So, perhaps not 'tomorrow' in so many words. I've slowly become used to and adopted 'Indian time', as we've been told. Indian time is anywhere between 10 minutes to a day later than promised starting times. Trains, for example, run on Indian Time. In fact, pretty much everything does.
Agra was a whirlwind of surrealism. Even after staring at it for hours, the Taj Mahal became a sticking point for me, like the Sydney Opera House did. Wow, I'm actually sitting here, all the way out here, staring at the Taj Mahal. Despite everyone's continuous praise regarding it, I can confirm it still takes your breath away. The carving and the colours seem to get more impressive and it just continues to amaze until suddenly it's exploded in size in front of you and you're walking into the dark interior. Around the complex, the authorities have set up many 'Foreign Tourists this way, Indian Tourists that way' signs, allowing us to get some pictures of the building and some relative peace. At first, we found these a little weird, but after checking the fact we pact 37.5 times as much as the domestic tourists, we didn't feel so bad. Also, the Indians practically pushed us to the front of the queues and let us go first, despite our insistences that we were fine to wait.
It's sad though. I've now reached that stage where I no longer trust Indians. We've been cheated, betrayed and insulted too many times now. The frustrating thing is how insulted and angry the Indians get when we refuse to trust them now. I wish I could say it's just a few letting the majority down, but in our experiences everyone has tried to use us in order to get money out of us. It's, sadly, always about money. I bring this up due to a few boys who tried to help us get our tickets and give us shoe covers and what not. When I asked them to leave, they got quite angry, insisted it was free and they were being nice, and hen sure enough told us we had to look at their shop after we were done in the Taj. Typical.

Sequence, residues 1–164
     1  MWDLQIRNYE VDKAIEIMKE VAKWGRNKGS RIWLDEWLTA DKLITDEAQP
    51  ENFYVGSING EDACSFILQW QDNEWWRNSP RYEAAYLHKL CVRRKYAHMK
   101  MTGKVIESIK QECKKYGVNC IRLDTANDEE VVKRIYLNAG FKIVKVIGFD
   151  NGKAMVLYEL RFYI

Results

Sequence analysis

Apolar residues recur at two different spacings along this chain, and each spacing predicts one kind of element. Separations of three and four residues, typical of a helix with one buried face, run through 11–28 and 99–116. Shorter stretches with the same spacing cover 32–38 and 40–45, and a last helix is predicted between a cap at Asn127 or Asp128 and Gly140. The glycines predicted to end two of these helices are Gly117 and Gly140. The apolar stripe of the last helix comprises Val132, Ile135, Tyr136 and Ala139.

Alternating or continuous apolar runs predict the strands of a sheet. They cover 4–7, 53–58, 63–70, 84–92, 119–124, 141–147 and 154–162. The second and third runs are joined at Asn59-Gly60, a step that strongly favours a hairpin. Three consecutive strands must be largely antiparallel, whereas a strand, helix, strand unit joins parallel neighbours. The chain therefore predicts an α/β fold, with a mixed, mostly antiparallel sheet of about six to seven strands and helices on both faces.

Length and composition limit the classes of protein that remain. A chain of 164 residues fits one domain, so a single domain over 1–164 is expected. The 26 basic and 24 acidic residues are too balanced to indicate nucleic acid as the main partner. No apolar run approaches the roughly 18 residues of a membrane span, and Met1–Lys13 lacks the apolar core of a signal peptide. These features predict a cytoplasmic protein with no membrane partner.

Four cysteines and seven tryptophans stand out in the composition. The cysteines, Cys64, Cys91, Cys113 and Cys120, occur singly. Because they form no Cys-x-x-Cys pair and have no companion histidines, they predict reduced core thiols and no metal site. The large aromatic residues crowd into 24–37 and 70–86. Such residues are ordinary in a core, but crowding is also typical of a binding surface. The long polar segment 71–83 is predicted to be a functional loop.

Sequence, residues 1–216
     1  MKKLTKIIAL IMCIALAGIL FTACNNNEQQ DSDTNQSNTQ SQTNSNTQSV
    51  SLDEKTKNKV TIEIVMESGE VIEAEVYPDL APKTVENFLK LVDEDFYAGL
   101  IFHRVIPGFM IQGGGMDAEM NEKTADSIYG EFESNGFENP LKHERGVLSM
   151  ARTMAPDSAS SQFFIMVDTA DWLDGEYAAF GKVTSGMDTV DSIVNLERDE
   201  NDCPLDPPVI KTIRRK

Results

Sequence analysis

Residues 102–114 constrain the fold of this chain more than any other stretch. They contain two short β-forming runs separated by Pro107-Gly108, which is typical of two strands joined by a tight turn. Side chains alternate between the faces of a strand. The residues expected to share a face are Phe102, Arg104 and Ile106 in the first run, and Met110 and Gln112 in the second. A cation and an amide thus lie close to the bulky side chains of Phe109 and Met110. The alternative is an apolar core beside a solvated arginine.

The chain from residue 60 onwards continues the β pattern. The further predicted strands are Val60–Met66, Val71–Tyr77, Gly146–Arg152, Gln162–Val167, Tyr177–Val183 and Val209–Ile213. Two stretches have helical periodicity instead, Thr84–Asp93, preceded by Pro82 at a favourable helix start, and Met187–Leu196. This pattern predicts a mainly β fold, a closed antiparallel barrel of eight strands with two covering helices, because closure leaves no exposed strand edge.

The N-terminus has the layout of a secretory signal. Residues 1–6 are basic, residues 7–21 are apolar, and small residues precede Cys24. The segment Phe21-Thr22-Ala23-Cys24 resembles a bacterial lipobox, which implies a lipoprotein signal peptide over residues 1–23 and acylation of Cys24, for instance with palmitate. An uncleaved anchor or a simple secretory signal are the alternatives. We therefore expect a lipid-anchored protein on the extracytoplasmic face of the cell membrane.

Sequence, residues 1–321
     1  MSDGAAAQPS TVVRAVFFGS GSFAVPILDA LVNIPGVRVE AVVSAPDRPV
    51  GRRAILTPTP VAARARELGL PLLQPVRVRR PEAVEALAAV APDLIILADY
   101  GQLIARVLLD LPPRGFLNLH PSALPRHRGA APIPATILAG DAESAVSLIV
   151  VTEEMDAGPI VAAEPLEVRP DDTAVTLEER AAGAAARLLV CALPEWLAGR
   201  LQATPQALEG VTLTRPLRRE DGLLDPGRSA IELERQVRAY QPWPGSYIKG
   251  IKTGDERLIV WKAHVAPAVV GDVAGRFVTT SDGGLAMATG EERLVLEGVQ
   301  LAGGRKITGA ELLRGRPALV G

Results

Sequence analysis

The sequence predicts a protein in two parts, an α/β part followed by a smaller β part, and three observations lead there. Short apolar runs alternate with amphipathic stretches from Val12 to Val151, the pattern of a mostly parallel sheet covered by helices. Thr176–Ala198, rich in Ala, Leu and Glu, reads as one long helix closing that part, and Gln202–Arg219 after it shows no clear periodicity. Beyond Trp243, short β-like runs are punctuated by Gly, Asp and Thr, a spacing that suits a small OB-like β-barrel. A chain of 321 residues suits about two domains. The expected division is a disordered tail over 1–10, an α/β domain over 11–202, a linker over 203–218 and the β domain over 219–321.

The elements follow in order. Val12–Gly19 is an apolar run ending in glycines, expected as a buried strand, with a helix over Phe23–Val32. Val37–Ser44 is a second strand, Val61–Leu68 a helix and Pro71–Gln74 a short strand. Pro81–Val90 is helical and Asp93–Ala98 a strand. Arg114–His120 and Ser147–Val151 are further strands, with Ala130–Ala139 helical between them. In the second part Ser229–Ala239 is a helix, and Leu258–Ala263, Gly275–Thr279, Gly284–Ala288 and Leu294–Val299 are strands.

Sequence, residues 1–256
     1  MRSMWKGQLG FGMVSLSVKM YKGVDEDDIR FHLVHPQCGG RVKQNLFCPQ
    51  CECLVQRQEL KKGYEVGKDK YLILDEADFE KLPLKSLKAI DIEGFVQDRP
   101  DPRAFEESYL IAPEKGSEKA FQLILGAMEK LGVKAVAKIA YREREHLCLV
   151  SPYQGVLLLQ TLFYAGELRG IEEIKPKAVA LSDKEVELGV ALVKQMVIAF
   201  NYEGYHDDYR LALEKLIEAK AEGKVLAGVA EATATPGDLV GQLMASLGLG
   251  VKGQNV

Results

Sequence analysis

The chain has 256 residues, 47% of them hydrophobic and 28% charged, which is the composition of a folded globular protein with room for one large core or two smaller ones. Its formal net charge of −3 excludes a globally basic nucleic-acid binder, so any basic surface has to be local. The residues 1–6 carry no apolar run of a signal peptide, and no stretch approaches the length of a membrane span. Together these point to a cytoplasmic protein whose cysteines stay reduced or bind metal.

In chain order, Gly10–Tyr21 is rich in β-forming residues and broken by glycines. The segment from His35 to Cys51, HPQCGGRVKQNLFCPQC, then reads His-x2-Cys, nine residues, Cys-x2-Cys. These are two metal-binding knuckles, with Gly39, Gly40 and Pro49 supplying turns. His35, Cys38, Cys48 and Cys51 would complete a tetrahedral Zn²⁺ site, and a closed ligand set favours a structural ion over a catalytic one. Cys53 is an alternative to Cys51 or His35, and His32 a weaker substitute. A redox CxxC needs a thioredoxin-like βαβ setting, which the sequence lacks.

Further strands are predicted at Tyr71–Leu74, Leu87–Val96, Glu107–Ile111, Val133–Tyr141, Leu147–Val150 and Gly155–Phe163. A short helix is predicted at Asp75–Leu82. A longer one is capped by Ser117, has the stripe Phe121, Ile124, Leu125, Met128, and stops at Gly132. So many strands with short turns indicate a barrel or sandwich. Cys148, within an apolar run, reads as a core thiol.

We stayed in Taj Ganj, an area just south of the mausoleum itself. A small, busy and rather hectic place, we found the Shanti Lodge offering a decent enough room at a decent price. Nearby, the Taj Guest house wanted Rs 650 for a dirty cell, while Shanti was happy to take 350 for a large spacious room with TV and soft bed. Downsides were a distinct lack of promised hot water (and listening to the other guests complaining at reception, we weren't the only ones), enough mosquitos to invade Russia, and a power socket linked to the fan that if moved cut out the cold air and made the lights flicker. Could be worse though.
As far as restaurants go, the long serving, good standing restaurant Joney's Place, situated just outside the Taj Mahal South Gate, impressed us too. Walls covered in praise, my Malai Kofta (Potatos stuffed with cheese and then coated in a delicious sauce) was fantastic, and Aya insisted her Mutton Curry was pure divine. Om Rice was also well rated by her. How the guy (Joney's son, though Joney himself is usually sitting around keeping an eye on things) manages to cook up such delicious food is beyond me, seeing as how he has an outdoor 2 burner stove and a kitchen the size of a table.
Other than that, we didn't see too much of Agra. I'm actually fully burned out now, after repetitive days of sightseeing followed by night trains and buses, where we sleep fitfully and usually are awakened early. Sometimes I catch myself imagining us back in Goa, sipping a Mojito on the beach. We're hoping to find a nice place in Nepal to rest up for a few days and sip tea or something. Darjeeling sounds appealing, but I'd like to find something before then really.
In other news, we've booked our flights to Malaysia, once more using AirAsia for the journey and getting our Calcutta -> Kuala Lumpur flights for the 21st of April for Just over $150 per person. Hopefully the flight is as good as our last one with AirAsia!
And that's about it. Varanasi in the next post, likely later today or tomorrow. I'd like to wrap up India before we hit Nepal, which will be tomorrow! Very excited, we've actually booked First Class tickets for the journey (no lower class available), and we've been told it's lockable compartments like the Harry Potter train. Yippee!
Thanks for reading!
Andy (and Aya, who helped with this post)
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